Is Training to Failure a Good Idea?

Is Training to Failure a Good Idea?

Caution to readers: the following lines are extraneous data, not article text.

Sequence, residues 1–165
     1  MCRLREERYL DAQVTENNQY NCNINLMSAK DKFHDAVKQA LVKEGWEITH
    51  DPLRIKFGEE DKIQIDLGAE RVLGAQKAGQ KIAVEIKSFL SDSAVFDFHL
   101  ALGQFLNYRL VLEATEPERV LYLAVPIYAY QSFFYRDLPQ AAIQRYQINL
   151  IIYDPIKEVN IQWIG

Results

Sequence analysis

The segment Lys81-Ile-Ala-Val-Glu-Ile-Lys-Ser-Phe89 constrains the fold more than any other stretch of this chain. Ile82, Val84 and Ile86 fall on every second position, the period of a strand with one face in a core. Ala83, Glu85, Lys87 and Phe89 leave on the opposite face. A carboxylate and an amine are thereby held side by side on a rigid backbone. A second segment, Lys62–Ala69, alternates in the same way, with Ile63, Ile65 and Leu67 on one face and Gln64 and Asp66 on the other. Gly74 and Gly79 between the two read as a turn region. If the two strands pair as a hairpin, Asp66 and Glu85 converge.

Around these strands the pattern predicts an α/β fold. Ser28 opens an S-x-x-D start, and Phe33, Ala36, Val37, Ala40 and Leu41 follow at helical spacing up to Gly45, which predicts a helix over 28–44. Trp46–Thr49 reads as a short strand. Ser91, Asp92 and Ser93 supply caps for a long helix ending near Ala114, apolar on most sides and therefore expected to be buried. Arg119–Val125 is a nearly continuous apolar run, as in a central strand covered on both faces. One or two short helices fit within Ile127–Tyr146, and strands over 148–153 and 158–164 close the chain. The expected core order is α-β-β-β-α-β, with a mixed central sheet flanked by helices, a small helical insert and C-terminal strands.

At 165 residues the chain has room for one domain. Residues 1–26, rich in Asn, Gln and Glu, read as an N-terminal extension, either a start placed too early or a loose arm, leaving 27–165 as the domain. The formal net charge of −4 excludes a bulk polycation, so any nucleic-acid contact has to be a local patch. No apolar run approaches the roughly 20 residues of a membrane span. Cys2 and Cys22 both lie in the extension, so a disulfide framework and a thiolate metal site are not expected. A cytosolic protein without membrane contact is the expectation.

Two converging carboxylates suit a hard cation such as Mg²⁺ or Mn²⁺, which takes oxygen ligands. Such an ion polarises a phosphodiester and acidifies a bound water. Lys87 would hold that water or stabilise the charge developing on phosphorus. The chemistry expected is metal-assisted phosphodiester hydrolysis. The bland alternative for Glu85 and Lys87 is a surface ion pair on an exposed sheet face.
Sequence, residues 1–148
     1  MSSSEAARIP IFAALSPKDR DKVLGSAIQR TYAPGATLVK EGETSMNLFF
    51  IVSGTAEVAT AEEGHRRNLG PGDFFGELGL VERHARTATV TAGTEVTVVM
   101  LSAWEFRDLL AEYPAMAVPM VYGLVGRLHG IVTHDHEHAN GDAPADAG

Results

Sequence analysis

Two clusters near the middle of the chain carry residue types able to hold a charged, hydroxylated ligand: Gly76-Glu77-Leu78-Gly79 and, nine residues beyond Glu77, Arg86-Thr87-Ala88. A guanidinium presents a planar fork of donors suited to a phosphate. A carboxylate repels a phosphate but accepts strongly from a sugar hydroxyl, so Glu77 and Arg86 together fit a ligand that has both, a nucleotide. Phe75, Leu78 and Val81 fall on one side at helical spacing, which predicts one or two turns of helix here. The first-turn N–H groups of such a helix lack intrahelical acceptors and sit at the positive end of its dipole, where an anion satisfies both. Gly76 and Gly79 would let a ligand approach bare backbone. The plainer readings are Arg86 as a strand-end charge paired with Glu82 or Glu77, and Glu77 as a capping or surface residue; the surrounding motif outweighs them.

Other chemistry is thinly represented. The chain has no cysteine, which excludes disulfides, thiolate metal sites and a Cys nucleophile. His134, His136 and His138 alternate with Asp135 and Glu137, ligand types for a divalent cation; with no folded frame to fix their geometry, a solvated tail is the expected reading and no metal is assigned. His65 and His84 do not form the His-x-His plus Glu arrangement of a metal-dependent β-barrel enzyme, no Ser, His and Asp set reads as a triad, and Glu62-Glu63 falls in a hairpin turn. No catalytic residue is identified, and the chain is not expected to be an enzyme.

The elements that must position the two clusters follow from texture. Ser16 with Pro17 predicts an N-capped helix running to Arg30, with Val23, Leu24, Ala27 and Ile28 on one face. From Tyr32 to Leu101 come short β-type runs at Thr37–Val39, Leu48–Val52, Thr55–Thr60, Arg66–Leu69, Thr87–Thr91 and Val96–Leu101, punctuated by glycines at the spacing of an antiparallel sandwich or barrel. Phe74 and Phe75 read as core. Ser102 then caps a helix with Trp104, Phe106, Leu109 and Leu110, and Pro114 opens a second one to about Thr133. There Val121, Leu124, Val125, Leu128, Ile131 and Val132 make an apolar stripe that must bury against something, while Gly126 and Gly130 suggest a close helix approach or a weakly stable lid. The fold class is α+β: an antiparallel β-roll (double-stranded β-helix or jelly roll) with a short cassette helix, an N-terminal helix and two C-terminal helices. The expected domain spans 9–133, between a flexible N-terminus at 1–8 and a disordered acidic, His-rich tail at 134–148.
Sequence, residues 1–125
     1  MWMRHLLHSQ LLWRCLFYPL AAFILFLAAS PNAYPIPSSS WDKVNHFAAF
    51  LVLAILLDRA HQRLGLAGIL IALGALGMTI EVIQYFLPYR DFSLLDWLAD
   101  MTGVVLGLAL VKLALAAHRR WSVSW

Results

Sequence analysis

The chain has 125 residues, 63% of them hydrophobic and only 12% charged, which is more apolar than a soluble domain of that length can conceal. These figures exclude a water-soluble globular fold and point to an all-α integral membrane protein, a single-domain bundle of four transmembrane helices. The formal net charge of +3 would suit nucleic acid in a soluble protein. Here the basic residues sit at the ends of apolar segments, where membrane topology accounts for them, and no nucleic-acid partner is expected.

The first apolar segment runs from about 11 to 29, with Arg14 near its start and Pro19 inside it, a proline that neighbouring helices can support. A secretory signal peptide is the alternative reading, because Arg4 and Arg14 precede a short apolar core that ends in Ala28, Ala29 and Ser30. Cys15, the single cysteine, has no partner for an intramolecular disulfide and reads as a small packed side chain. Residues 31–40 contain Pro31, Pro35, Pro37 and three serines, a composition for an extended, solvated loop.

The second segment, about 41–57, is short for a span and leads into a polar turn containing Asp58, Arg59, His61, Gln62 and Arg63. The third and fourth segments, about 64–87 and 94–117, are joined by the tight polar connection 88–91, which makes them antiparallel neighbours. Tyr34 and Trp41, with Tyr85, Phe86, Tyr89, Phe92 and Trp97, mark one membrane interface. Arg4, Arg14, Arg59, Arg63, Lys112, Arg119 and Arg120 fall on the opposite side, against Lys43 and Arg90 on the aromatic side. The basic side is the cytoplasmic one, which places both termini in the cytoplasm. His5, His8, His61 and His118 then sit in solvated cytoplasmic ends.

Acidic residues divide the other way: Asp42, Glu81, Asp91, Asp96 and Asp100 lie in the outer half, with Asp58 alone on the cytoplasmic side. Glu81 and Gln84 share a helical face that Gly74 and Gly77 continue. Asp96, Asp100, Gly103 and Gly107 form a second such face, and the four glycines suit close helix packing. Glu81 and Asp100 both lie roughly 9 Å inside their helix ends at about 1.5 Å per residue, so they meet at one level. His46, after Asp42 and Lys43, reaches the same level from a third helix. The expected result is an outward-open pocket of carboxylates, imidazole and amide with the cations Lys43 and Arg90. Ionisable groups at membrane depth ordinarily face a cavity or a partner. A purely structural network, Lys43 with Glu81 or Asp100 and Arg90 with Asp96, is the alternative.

Failure training typically involves training at submaximal weights for as many reps as possible. This technique maxes out recruitment of fast and slow twitch muscle fibers and is an excellent way to promote hypertrophy. Andy Khamoui and Jeffrey Willardson discussed the pluses and minuses of this training technique. The few studies that examined failure training showed that it increased muscle mass and strength slightly better than other training techniques. However, it also delayed recovery. In strength sports requiring movement skills, failure training could interfere with sports practice. Also, excessive training to failure, such as used in “boot camp” training methods, can increase the risk of rhabdomyolysis— muscle cell destruction that can cause kidney failure and death. Failure training might be a good alternative during brief cycles when athletes are not emphasizing movement skills. (Strength Conditioning Journal, 33 (4): 19–21)

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